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Caribbean Conservation Corporation Newsletter - page 9 / 16





9 / 16

from Short Course on page 3

Attendees included: Isaias Majil, park ranger at the Bacalar Chico Marine Reserve National Park, Belize; Danny Rankin, originally from Tortuguero, Costa Rica, now a fisherman in Limón and president of the Portete and Cieneguita (Limón) Fishermen's Association; Wilson Reyes, volunteer beach monitor at San Miguel Beach in Guanacaste, Costa Rica, for the Regional Sea Turtle Restoration Project; Frida Stwolinsky, social worker for the Fundación Mario Dary working at the Manabique Peninsula, Caribbean coast of Guatemala; Hermann Dieseldorff, university student and field work chief in the IUCN Mangrove Project, Pacific coast of Guatemala; Samy Fonseca, consultant and program coordinator for the environmental organization FUCAGUAin Trujillo, Hondu- ras; Juan Pablo Lino, ranger coordinator for the environ- mental group PROLANSATE in Tela, Honduras; Bradford Deras, boat captain, diver and volunteer with the Bay Islands Conservation Association in Utila, Honduras; William McCoy, fisher and data collector on the sea turtle

Sebastian Troëng orients the group of participants before a nest excavation exercise.

fishery, Pearl Lagoon, Nicaragua; Winston Martínez, sea turtle butcher and data collector on the sea turtle fishery, Puerto Cabezas, Nicaragua; Raily Reynales, síndico (elected community natural resource manager), from the Miskito village of Awastara, Nicaragua; Melvin Wilson, fishery inspector for the Ministry of Natural Resources, Tasba Paunie, Nicaragua; Arcadio Castillo, Kuna Indian researcher formerly with the Smithsonian Tropical Research Institute, now volunteering with the Kuna organization Fundación Osiskun, Kuna Yala, Panama; and, Javier Lijo, conservation offical for Fundación PROMAR of Bocas del Toro, Panama.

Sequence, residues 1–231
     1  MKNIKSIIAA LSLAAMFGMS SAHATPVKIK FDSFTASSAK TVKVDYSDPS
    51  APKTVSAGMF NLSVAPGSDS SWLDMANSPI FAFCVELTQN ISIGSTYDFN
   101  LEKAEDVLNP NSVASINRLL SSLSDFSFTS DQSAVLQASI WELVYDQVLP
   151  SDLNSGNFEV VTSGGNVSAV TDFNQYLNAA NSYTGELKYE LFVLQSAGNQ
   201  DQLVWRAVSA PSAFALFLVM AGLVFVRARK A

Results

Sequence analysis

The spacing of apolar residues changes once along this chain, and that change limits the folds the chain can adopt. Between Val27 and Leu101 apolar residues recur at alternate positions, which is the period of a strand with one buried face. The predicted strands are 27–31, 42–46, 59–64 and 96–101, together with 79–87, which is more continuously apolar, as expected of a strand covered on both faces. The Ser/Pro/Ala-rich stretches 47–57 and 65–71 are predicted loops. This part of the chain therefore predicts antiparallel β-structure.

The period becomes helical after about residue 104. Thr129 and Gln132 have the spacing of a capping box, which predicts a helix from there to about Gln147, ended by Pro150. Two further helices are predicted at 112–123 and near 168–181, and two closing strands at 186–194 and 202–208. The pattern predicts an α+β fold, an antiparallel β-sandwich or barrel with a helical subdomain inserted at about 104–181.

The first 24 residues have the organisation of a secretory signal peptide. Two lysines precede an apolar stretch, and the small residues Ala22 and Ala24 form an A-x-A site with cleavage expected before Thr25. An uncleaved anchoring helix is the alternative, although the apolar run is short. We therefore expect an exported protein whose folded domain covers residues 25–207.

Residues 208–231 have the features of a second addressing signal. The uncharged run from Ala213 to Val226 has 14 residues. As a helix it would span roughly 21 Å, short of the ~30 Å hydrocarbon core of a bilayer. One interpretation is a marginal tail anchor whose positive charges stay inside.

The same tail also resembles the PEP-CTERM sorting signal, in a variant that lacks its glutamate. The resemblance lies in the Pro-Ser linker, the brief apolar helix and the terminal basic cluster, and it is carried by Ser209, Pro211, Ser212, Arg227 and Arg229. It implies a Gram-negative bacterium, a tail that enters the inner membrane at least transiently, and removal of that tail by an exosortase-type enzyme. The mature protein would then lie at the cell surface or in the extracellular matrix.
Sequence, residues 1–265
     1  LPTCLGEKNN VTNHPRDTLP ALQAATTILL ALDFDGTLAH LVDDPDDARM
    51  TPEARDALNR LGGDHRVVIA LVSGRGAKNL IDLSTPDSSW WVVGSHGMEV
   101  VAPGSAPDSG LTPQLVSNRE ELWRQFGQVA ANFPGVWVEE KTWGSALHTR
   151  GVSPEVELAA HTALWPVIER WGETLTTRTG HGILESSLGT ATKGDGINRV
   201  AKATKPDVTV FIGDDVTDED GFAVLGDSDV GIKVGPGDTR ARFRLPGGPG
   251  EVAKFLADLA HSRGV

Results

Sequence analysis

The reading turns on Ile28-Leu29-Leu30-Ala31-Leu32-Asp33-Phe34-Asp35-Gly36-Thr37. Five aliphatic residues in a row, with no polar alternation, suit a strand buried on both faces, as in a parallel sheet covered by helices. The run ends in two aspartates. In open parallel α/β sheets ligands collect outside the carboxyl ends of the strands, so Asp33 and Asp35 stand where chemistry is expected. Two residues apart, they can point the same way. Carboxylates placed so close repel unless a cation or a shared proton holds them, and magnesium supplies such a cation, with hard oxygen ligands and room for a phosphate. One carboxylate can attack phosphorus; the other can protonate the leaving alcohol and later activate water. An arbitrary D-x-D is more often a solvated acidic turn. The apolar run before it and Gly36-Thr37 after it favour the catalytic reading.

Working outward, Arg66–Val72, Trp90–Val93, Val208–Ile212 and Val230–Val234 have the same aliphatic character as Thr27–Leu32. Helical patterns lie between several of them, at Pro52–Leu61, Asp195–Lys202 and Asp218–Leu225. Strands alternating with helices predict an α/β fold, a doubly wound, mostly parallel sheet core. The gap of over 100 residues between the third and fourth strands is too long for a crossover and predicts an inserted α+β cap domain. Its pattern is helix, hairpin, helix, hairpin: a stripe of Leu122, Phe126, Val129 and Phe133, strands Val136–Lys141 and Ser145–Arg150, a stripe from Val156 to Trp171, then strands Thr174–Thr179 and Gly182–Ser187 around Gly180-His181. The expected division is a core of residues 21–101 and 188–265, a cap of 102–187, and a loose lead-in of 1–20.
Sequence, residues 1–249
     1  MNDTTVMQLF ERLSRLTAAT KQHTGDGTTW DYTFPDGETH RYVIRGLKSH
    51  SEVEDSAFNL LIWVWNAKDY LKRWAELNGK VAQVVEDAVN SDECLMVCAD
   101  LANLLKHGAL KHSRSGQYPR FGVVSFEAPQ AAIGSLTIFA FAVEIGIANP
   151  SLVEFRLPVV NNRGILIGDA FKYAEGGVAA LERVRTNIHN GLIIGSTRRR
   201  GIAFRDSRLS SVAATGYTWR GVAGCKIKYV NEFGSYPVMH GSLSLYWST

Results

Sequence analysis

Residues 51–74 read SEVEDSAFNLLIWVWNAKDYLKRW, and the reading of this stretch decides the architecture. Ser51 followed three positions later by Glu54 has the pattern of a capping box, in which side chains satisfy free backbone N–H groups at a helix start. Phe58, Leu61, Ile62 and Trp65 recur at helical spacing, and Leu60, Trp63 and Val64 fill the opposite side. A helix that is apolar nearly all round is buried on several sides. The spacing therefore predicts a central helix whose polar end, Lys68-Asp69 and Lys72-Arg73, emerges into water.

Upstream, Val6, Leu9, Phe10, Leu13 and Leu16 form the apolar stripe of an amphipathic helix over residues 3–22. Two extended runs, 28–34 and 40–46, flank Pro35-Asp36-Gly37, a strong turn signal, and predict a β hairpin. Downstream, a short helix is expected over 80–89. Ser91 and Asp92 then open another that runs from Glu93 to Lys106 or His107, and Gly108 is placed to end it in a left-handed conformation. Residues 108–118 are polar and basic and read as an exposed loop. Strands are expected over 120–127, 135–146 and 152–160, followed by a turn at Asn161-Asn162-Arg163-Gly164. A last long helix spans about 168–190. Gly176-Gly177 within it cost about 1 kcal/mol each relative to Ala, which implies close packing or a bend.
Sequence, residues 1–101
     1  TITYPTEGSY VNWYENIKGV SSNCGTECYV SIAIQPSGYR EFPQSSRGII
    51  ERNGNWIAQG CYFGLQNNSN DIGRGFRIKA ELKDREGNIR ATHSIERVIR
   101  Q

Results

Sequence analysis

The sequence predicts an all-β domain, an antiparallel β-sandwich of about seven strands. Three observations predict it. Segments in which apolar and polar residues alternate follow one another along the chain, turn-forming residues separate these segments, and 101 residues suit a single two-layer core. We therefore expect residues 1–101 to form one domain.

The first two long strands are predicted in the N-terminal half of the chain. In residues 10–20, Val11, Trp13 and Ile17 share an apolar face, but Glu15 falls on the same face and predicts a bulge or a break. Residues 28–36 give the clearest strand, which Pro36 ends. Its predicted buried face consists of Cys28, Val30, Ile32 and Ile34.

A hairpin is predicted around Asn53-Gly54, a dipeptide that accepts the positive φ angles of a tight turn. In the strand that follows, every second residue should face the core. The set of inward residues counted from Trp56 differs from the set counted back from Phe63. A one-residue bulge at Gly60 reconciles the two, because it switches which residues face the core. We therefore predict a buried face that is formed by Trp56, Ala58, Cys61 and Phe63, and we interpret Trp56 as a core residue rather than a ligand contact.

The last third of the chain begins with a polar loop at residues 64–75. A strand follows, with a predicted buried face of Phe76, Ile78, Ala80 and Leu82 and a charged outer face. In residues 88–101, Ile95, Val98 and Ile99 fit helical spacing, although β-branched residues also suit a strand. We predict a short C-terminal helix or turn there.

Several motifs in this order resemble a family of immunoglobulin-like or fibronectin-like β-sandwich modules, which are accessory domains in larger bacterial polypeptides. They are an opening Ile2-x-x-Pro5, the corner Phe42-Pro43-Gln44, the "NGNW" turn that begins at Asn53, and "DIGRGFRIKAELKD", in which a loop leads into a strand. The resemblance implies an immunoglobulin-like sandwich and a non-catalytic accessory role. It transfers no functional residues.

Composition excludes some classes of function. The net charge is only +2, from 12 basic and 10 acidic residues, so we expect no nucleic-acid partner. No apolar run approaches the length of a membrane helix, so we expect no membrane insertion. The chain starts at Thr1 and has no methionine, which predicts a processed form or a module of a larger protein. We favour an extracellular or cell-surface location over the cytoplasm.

Many of the trainees represented different stakeholder groups that are making use of the same populations of sea turtles, particularly green, leatherback, hawksbill and olive ridley turtles. The course afforded these individuals an opportunity to share their perspectives on conservation and use of these species.

Based on the population biology class taught by guest lecturer Cathi Campbell, participants evaluated the effectiveness of different management strategies using various candies to represent different turtle age classes in population modeling exercises.

The course consisted of lectures, hands-on techniques demonstrations, field work, group projects, trainee presenta- tions, and visits to nearby points of interest. The trainees were introduced, many of them for the first time, to scien- tific methodology and field study techniques, use of popula- tion modeling as a tool to evaluate management strategies, use of computers for data management and as a means of accessing information from Internet sources, participatory education techniques, and ecotourism as a form of sustain- able development.

Course evaluations indicated that the trainees were extremely satisfied with the organization of the course and the caliber and content of their instruction. Course exams provided at the beginning and end of the course demon- strated that there had been a high level of information assimilation by the trainees.

Text and Photos By Cindy Taft, CCC Director of International Programs

During a track survey technique exercise, a turtle that had been flipped by poachers and hidden in the vegetation was discov- ered. After the group examined her, the turtle was released unharmed.

Winter 2000


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